Throughput defines a number of requests that a cosmos account can support. Currently, Cosmos DB supports two types of throughput modes, manual and auto-scale. If your resource consumes more throughput than allocated, you might face rate limitations You can either increase the throughput manually or set it to autoscale to accommodate the changing demands of the application.
CosmosDB supports a wide variety of API support with more coming soon. It's important to note here that you need to decide what kind of API you wish to use for your database model before you deploy the resource in Azure. Currently available options are Table, SQL, Cassandra, Gremlin, and MongoDB with more coming in the near future.
With the increasing demand for applications to be highly responsive and always online, the instances need to be accessible with low latency. Cosmos DB supports real-time read and writes from the local replicas of the instance.
Cosmos DB provides high availability in two ways. The cosmos instance is replicated in the regions of your choice with 4 additional replicas per region. You can update the replication at any time using Azure Portal. It's worth mentioning that each replica can accept read and write for data usage.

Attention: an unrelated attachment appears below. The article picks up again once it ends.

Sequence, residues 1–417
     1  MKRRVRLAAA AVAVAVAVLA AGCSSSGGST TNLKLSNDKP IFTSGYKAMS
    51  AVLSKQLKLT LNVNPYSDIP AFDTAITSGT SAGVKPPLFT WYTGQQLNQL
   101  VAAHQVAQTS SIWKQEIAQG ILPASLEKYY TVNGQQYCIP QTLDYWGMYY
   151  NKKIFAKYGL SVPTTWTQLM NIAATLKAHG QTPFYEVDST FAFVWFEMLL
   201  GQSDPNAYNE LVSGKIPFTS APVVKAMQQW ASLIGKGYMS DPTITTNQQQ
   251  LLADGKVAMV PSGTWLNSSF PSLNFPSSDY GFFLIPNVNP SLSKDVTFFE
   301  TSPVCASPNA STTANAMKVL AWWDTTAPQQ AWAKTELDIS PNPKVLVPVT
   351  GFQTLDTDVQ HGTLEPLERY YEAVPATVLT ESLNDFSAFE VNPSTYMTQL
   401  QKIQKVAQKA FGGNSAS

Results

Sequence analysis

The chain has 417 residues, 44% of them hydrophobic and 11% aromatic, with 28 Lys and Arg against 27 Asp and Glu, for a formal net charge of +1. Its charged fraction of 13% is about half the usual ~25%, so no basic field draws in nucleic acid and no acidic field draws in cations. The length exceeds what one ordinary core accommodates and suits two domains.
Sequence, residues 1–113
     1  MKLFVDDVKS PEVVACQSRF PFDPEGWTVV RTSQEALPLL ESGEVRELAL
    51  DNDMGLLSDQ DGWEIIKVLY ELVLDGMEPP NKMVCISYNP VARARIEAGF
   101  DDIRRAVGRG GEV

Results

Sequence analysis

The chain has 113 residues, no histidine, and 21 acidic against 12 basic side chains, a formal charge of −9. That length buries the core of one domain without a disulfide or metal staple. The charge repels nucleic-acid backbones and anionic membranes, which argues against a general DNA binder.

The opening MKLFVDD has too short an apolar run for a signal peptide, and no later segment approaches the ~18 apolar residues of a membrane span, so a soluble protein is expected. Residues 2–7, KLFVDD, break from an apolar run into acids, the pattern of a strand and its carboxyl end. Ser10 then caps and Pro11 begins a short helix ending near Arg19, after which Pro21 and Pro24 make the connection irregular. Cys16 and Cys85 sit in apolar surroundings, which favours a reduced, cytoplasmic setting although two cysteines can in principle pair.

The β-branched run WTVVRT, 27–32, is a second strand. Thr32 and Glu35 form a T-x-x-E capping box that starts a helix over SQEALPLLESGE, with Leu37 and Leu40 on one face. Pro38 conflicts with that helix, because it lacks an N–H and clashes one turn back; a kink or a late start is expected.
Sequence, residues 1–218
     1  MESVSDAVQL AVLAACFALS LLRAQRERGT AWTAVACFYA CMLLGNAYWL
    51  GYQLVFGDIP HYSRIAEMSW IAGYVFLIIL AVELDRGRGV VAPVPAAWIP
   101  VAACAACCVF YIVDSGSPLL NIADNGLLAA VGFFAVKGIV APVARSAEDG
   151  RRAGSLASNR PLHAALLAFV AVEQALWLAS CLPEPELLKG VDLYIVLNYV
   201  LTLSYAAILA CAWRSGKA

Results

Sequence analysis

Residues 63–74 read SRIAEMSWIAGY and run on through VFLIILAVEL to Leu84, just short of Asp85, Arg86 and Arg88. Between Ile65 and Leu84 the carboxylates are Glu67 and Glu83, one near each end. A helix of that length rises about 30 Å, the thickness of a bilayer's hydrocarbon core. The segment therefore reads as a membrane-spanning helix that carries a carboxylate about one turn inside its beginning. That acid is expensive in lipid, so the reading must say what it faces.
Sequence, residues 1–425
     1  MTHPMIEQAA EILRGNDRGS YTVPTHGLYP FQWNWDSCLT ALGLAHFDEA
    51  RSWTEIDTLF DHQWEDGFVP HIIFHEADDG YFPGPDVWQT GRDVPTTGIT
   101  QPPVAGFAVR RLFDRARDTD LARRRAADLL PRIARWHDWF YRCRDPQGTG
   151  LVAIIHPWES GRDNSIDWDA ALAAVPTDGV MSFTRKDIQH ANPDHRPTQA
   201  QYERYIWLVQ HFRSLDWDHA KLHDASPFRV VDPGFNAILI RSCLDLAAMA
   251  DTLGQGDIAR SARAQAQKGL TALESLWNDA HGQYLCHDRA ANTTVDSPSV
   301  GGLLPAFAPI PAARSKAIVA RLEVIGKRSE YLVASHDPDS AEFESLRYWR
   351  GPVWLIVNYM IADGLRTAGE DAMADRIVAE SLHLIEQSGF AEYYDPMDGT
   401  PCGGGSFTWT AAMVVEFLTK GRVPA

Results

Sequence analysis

Databases that use replicas for high-availability, low latency or both come with some considerations around consistency on how data is served and suffer minor tradeoff between read-consistency, latency, availability, and throughput. Most popular database service only offers strong and eventual consistency, however, Cosmos DB offers five (5) different consistency models ranging from strongest to weakest as listed below:
- Bounded staleness
- Consistent prefix
Each level provides availability and performance tradeoffs. The strong consistency may suffer from reduced availability whereas Eventual consistency offers high availability and better performance but the data may not be completely consistent across all regions at the same time.
I hope that gives you a high-level introduction to CosmosDB and what it entails and some terminology used in the resource. Use Cosmos DB if your application needs to be highly available, have fast response time anywhere in the world, be always online, and need unlimited and elastic scalability of throughput.